I wrote this article to share my family’s story and the history of the Armenian people. Due to our efforts, 21 countries have officially recognized the Armenian Genocide. However, the United States still has not. In 2005, 178 members of the House of Representatives and 32 senators co-sponsored a letter to President Bush, urging him to use the word “genocide” in his annual statement on the April 24th memorial. However, Turkey threatened the resolution on U.S.-Turkish relations, causing many to lose their resolve.

What is the continuing story of genocide for the people of Armenia? After eradicating the Armenian people, the Turks demolished any remnants of Armenian cultural heritage. They leveled entire cities to remove all traces of our 3,000-year-old civilization. After achieving power in Germany, Adolph Hitler told his generals in 1939, “Thus for the time being I have sent to the East only my ‘Death’s Head Units’ with the orders to kill without pity or mercy all men, women, and children of Polish race or language. Only in such a way will we win the vital space that we need. Who still talks nowadays about the Armenians?”

Yet our story continues. We unite to take action on a grassroots level. We work toward correcting the human rights violations of those governments who distort, deny, and delude history and disguise past and present genocides, massacres, and human-rights violations.

This work has been published in the Teen Ink monthly print magazine. This piece has been published in Teen Ink’s monthly print magazine.

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This article has 6 comments. Post your own now!

deanna98 said...
Aug. 23, 2012 at 4:12 pm
I'm Armenian and my father has always talked of how his grandparents fled Armenia during the genocide. I never cared too much before; I always considered the Holocaust much worse by far and never took Armenia's seriously. But now I see the atrocities are fairly equal. This is a very enlightening article.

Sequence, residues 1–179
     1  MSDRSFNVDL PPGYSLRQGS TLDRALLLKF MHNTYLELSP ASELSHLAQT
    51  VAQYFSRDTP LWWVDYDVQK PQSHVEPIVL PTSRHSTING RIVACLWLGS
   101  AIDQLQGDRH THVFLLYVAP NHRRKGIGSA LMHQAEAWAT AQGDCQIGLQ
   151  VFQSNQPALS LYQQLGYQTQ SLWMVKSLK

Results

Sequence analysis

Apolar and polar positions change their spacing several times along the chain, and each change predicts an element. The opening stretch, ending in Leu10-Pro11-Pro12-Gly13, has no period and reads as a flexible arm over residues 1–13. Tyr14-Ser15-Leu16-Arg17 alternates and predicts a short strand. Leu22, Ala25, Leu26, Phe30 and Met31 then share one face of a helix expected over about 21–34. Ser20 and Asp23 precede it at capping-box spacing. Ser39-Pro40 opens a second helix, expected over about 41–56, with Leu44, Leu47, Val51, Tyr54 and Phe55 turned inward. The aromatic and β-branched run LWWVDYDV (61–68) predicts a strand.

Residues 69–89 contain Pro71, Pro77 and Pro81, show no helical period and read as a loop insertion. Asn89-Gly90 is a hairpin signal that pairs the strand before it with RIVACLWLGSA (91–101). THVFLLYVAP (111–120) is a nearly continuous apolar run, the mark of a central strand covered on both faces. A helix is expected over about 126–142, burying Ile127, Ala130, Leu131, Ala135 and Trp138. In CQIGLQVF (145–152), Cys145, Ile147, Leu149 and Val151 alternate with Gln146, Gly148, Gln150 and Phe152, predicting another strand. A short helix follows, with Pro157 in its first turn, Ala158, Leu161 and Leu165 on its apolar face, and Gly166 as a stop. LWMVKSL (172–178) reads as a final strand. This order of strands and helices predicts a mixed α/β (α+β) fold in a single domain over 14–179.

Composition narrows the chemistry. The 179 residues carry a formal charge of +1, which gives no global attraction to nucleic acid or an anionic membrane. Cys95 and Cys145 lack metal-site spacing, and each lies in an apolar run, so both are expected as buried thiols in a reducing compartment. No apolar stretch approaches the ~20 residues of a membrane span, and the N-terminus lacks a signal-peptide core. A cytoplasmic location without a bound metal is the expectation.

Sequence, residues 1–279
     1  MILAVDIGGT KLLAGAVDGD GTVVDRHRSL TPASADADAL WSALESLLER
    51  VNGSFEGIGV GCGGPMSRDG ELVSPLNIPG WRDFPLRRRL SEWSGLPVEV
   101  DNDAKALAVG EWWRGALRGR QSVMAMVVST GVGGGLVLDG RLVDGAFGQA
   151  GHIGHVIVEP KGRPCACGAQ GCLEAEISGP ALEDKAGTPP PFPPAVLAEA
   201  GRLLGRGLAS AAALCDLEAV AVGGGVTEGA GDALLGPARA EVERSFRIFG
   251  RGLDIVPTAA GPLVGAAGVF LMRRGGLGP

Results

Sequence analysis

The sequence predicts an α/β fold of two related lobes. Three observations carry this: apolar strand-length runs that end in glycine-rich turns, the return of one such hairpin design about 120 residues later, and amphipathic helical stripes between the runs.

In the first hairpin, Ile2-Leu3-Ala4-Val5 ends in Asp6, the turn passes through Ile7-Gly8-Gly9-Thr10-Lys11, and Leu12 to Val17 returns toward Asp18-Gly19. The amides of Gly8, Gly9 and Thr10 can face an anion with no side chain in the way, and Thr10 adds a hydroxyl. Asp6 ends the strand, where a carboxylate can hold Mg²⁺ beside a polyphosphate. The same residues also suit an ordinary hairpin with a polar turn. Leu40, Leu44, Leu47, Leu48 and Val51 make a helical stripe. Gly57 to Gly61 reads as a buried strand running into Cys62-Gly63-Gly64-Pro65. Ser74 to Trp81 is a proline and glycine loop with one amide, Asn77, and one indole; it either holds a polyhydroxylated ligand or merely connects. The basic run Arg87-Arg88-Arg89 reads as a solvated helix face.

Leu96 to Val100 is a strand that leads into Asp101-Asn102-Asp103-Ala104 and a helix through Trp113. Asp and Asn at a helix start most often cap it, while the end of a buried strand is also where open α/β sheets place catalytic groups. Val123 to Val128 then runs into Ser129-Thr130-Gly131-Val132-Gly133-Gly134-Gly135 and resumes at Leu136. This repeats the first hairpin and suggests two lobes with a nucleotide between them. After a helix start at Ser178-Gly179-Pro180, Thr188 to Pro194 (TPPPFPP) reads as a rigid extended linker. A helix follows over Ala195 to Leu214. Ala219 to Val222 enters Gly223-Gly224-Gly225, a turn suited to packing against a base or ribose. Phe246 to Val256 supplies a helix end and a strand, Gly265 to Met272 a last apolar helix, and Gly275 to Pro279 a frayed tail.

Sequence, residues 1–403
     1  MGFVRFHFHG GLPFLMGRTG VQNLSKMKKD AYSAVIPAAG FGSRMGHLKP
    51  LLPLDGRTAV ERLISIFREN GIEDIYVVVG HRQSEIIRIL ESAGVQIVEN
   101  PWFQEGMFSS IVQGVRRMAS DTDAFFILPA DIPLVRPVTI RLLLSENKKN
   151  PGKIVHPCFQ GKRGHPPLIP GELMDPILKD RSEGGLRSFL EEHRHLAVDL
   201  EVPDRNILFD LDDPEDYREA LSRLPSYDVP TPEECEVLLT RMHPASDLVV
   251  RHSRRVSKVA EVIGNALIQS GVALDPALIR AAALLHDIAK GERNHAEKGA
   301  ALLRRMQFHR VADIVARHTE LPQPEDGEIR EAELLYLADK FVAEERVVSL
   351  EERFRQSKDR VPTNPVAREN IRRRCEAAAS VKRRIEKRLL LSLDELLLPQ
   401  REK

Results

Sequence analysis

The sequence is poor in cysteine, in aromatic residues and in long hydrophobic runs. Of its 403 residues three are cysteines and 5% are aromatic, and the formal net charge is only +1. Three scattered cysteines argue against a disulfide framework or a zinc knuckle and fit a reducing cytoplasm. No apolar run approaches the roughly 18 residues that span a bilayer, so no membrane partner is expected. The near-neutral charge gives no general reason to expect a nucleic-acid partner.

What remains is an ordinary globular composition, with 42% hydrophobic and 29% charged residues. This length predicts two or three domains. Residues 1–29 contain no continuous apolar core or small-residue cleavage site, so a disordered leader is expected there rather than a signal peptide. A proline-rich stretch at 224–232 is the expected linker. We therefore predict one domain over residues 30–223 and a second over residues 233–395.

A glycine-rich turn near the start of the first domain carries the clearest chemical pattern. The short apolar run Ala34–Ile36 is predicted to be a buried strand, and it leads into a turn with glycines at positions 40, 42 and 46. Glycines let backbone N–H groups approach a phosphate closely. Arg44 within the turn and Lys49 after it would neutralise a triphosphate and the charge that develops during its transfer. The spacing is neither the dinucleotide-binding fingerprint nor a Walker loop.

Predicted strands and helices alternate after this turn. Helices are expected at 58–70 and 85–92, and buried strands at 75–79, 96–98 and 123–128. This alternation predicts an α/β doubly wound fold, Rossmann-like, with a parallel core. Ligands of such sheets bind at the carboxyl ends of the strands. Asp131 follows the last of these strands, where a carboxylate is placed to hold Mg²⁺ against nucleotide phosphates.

Radiant said...
Aug. 15, 2010 at 6:31 pm

This was beautifully written. I have a certain fascination with genocide. To the point of wanting to know every aspect of every genocide that has ever happened. You've fed me with this piece and I gladly devoured it! When you mentioned the non-reconigtion of the Armenian Genocide it reminded me of the Rwandan Genocide in 1994.  The United States didn't reconigze this Genocide either. They did this, I think, due to a new agreement made by many countries (After the Holocaust) that if you r... (more »)

Dan I'm in your chem class! said...
May 28, 2009 at 10:44 pm
Atta boy Dan!!!!!!!!!!!
Kathryn This work has been published in the Teen Ink monthly print magazine. said...
May 26, 2009 at 11:23 pm
Great job. Your article was fascinating to read and I could feel the passion in your words. You wrote with heart and I hope you keep it up! :D
harold1123 said...
May 18, 2009 at 1:52 am
Great historical story. I like your current research and action to bring al genocides into perspective. I'm interested in how all genocides try and destroy culture as well as the people. Many thanks. Good luck with your own story. H.
brooke09 said...
May 5, 2009 at 2:39 am
This is an excellent paper, I'm writing a paper on the Armenian genocide and I've been researching, you've brought up some points that i plan on putting in my paper, what happened was wrong and if we accept and recognize things that happened then we should also prevent future genocide, after all if we realized what the Turks were doing in 1915 would the holocaust have gone on as long as it did?